For instance, the specialty of writing may witness a reduction in the number of writers required. Ultimately, a small group of skilled writers will likely emerge, contributing their expertise to enhance the tool's capabilities, thereby enabling it to generate more refined and coherent written pieces. While this profession may not entirely vanish, fewer individuals will be needed, and only those who bring substantial creativity to the table will endure.
If expertise becomes readily scalable, it is conceivable that a majority of individuals will no longer need to engage in traditional work. In many cases, people will be able to directly obtain expert answers from these AI systems.
This paradigm extends beyond writing and encompasses numerous other professions.
It is predicted that in the US a lower proportion of the workforce will be affected by the new wave of automation than in the European union.
However, the numbers are high in both instances: In the States about 47% of total employment is at risk of seeing their job being (partly) taken over by Artificial Intelligence. In Europe, Romania scores the highest with almost 62%, followed by Portugal with 59% and Greece with 56,5%. We must note that these numbers don’t necessarily imply that the entire occupation will disappear, or that parts of it will be automated.
However, researchers estimate that by 2030, 45 million Americans could lose their jobs to AI automation, which is a 6 million increase from 2017, where estimation showed that 39 million Americans would be automated out of their work.
Thus, the questionremains: What will the rest of us do?
It is worth noting that many of the jobs we perform today did not exist a century ago, and conversely, many jobs from a hundred years ago no longer exist today. From this perspective, as a society, we have already proven our resilience to significant changes.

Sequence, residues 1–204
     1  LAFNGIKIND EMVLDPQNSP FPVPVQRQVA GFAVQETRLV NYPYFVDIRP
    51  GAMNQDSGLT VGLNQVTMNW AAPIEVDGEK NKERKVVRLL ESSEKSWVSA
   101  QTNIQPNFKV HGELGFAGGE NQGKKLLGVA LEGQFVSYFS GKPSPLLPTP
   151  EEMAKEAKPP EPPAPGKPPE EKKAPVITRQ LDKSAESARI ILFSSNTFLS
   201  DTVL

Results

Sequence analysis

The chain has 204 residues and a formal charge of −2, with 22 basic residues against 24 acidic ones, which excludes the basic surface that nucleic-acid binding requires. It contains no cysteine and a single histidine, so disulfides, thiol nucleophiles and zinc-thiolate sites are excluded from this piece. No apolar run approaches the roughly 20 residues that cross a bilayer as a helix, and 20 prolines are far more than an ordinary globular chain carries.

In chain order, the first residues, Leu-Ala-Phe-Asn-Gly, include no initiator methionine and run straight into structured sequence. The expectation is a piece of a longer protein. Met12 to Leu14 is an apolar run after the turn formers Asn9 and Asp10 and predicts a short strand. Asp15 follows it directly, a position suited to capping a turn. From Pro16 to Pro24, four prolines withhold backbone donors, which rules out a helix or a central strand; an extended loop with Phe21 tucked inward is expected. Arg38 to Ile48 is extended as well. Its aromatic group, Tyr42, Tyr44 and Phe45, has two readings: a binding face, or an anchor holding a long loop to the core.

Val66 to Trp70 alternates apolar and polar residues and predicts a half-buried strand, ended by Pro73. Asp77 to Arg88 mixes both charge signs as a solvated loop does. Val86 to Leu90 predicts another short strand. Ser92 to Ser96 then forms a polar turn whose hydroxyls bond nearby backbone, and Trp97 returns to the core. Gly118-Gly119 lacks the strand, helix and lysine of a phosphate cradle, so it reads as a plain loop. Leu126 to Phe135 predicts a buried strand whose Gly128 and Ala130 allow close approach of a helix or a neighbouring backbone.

To sustain the economy during this transformative period, we must maintain two fundamental tasks. Firstly, we need to continue consuming goods and services. Secondly, we must persist to explore and experiment in order to discover novel employment opportunities.
Now, how does this tie into the real estate sector?
Agents, investors, homeowners, buyers and sellers can all benefit from AI. AI is able to make some good predictions. It can calculate market value and detailed renovation costs for homeowners, it can make predictions on the future of certain locations and provide accurate and valuable information to investors, and for home buyers it can find perfect matches in a short amount of time.
If buyers, owners, and sellers can do so many things themselves with the use of AI, will real estate agents still be necessary? For now, we don’t expect the profession to disappear completely. Most people still want human interaction and the trust in AI is not 100% there yet. AI tools, like ChatGPT will make a real estate agent life easier, as it helps them doing their job faster, more efficient, and cost effective.